Action Ambrose

Action Ambrose

Equine Heart Rate Monitors

My wife has a Audi TT, low to the ground, she calls it her slot car.  This car scoots, when I drive it to town and get on the short stretch of Freeway it feels like I am going 200 mph, and after looking at the speedometer I am shocked that I am going 40 in the fast lane......  That is why you NEED a Heart Rate Monitor for your horse..

I find it a invaluable tool, of coarse you can do it without, but why?  I prefer the Garmin 310XT, it has lots of nice features that previous models did not have.  It vibrates when one of your alarms goes off.  I have several alarms set, one is max HR, set for 185, the low HR is set for 62 which I will probably change....  You can set for notification of your pace on a per mile basis.  I have mine set for 1 mile.  I have used it mostly for conditioning of MONK.  Where I find that feature handy is when we go out to canter for 20 miles, every mile it will vibrate, you look down at the watch and your pace is in the middle of the screen for about 10 seconds or so.

I use the POLAR belts with the soft belt transmitters from Garmin, they snap right onto the POLAR belts made for the soft belt Polar transmitters.

There are a few HR values that you should get to know very well:

Resting HR
Maximum HR
Recovery HR
Working HR

Of the the 4 HR above I put the most value on the Recovery HR.  I use this value a lot, especially when doing hills, sprints or repeats.  Your horse might sprint a short distance and reach his Maximum HR of say 220.  If within 90 seconds his HR is not 120 or below you need to head for home, he is done for the day.  I have a short hill that I will start running Ambrose up soon.  It is probably about 300 yards long, but has maybe 100 feet of elevation gain.  I will run Ambrose up the hill and then turn around and start walking him back down to the bottom again.  By the time we reach 90 seconds he should be well below 120HR.  What I am attempting to do is to do this sprint as many times as he can until we reach that "Magic Number  120/90".  As soon as he cannot recover, then we are done.  Now this is pretty easy to do with a unconditioned horse.  I could do this hill all day long with MONK and he will never hit the Magic Number.  So, then you have to go look for a longer steeper hill.  I almost never do the hill more then 6 times, even with MONK.  My best guess is that Ambrose will be able to do at least 2 and maybe 3 sprints in his first outing as of the writing of this document, we will know in the next week.  The more you work your horse the better and better you will see his Recovery HR values improve.

Your Maximum Heart Rate can be determined by a good sprint.  I prefer to do it in the uphill mode as you can get going way too fast on the flats...  A quarter of a mile should work fine.  I will use the mini sprints above to determine Ambrose's.

If your horse is 120 on a nice gradual downhill, even at a very fast trot his Working Heart Rate is way too high.  A nice canter on flat ground should be somewhere in the low 100's.  On your normal training loops your horse reads 180 at the top of the hill, within a few seconds, 60 or so. he should be in the low 100's or lower.  If at a fast trot, say 135, it is not uncommon for you horses HR to drop by as much as 10 beats as soon as he goes into a canter..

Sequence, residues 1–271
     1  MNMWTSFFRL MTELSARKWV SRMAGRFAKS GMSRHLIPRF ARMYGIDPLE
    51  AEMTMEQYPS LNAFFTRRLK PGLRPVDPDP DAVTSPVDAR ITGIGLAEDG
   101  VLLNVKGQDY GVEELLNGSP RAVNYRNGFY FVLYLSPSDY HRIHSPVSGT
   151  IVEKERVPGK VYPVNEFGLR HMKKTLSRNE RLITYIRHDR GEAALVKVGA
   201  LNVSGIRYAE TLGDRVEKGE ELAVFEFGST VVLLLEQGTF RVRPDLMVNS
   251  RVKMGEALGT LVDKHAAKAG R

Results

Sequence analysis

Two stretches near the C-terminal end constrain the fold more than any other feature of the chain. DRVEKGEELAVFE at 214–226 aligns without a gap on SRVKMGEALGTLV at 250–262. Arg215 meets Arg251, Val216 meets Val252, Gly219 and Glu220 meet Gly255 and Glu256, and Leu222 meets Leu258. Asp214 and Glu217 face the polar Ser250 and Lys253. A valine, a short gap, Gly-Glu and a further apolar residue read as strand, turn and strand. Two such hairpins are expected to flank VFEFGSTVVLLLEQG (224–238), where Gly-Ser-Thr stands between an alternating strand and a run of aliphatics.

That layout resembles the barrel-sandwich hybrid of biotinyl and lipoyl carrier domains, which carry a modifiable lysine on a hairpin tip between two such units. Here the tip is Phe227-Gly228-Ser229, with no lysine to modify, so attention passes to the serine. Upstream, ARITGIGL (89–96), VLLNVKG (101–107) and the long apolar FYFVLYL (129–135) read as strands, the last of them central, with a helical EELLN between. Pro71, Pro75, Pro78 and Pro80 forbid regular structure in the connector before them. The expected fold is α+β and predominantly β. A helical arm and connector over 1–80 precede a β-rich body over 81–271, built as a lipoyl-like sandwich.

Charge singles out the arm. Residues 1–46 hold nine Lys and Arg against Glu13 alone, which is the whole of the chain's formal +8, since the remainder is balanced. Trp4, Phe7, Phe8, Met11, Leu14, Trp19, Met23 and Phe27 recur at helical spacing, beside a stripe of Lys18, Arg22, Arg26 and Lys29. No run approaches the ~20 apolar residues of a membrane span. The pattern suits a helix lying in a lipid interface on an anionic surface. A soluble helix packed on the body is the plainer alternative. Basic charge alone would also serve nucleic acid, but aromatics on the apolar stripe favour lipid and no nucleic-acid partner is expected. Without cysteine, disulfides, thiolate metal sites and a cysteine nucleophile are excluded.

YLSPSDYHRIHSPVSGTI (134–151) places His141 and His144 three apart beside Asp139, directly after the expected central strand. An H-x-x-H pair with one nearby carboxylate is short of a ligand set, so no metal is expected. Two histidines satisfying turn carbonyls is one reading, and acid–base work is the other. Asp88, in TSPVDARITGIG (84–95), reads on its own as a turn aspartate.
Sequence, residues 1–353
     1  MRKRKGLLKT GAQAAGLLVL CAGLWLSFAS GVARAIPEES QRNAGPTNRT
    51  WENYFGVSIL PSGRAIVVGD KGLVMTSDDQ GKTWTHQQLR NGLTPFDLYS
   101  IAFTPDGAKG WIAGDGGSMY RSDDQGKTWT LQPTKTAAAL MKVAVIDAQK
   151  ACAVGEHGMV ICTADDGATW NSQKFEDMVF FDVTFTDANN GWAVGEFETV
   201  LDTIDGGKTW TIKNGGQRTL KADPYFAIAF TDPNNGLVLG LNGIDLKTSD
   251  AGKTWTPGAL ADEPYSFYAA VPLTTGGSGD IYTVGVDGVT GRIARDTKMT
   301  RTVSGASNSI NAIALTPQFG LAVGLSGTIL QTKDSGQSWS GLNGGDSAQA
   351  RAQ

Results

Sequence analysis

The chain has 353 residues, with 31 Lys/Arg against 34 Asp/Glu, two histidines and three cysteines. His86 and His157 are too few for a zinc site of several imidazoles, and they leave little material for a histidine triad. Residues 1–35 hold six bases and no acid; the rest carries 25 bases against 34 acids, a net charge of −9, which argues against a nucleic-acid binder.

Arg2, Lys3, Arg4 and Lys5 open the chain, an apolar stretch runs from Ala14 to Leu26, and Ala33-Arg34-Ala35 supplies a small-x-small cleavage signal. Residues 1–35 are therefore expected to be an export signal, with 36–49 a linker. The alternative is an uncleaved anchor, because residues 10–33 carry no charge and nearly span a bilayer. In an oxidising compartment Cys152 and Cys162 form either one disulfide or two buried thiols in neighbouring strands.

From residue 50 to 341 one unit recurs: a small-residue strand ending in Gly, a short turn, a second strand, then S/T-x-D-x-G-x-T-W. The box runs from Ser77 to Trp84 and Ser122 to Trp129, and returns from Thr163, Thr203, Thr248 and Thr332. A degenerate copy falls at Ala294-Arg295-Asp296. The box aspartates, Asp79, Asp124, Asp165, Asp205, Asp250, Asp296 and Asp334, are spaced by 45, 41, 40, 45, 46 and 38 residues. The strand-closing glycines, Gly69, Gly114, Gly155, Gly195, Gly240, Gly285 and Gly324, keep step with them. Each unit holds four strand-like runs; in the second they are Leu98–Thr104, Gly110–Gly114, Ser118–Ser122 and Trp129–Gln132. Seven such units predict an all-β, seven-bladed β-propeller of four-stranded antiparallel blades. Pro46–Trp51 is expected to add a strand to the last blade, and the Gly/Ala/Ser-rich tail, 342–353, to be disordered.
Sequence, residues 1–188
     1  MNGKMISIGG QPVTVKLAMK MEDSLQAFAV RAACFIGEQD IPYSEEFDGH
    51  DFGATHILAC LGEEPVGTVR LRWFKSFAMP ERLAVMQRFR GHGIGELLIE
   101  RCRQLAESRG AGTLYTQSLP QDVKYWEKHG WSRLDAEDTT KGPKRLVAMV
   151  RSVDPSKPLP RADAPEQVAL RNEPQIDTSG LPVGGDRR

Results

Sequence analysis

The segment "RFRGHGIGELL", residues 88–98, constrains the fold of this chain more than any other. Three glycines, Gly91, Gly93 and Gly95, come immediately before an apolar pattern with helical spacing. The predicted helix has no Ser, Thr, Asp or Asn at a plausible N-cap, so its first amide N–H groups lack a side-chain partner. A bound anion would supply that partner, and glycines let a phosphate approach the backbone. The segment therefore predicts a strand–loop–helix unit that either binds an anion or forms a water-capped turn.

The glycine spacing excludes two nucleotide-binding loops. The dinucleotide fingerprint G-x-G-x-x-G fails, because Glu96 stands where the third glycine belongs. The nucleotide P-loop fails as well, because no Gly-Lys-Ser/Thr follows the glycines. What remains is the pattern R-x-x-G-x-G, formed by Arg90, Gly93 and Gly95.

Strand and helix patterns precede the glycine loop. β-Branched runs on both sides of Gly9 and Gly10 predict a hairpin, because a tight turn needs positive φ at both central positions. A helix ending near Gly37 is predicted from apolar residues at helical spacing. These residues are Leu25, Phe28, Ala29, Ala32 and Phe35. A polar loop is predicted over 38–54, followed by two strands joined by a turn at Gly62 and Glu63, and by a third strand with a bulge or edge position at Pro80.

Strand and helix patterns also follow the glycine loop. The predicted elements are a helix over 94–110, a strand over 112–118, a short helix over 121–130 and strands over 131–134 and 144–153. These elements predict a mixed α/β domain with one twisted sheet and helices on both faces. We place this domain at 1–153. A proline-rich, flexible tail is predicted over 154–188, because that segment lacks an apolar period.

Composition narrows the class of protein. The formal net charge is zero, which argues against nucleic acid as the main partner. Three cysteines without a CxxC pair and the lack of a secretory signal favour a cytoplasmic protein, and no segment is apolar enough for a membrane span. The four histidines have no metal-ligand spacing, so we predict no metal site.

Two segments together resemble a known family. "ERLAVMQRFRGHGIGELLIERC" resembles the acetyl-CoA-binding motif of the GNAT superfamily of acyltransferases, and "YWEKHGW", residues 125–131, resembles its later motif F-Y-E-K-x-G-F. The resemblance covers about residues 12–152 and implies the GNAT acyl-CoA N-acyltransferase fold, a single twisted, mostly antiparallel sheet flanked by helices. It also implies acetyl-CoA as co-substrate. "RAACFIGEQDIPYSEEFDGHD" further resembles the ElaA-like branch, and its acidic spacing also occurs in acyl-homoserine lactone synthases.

Resting Heart Rate:  I use the polar chest strap with the Garmin transmitter for this.  With the Garmin you can be maybe 30 feet away from the horse and still read the HR values.  This works great when I use the Quad to pony the horses....    Resting Heart Rate can give you a very good indication as to the general well being/health of your Equine Athlete.  If you take it every day at the same time and keep track of it,  any values of more then 10BPM is cause for further investigation.  Could be an injury or illness.

I have experienced that the more fit the horse the lower their resting HR will go.   So if you start out with a horse with a resting HR of 36, you might end up with one that is 32 when he is fit.  But it does not mean that a horse with a resting HR of 28 is going to be any better then a horse with a HR of 36..

I am not sure if there is a correlation of resting HR's to working HR's or too faster recoveries.

60 in 10

I have used this value of 60 BPM in 10 Minutes for years as a number to shoot for recovery after a work out.  60 BPM recovery means that my workout was JUST hard enough.  If your horse is 50 in 10, you might of well of stayed in bed (kidding), but unless you were just out for a trail ride you did not improve on your horses fitness any. If your horse takes more then 20 minutes to recover to 60 you need to slow your work to try and hit your 60.  You are not going to kill your horse with this type of workout, and YES I do have works where it does take at least that long to recover.  I think that a once a month all out work with a long recovery is fine, as long as it is safe.  I don't have to ASK the horses that I condition, so I am not pushing them beyond what they are capable of doing.  

The key to conditioning with a HR monitor is to not increase distance and speed at the same time.  Try and do everything in increments, know that your horse is comfortable and has mastered each of the increments before increasing either.

With any of the Garmin products and some of the Polar units you can download them to your computer or Garmin Connect and keep track of all of your works.  You can go back and see where you were 30 days ago, you have the tracks that were recored during the work or that race, that can go into Google Earth.   I have not used all of the options that the Garmin has and not sure I ever will, but never say never..

All for now, I will probably add to this from time to time, always forget something.

This page will always be visible on the right hand side of the blog, as well as others that I think are important.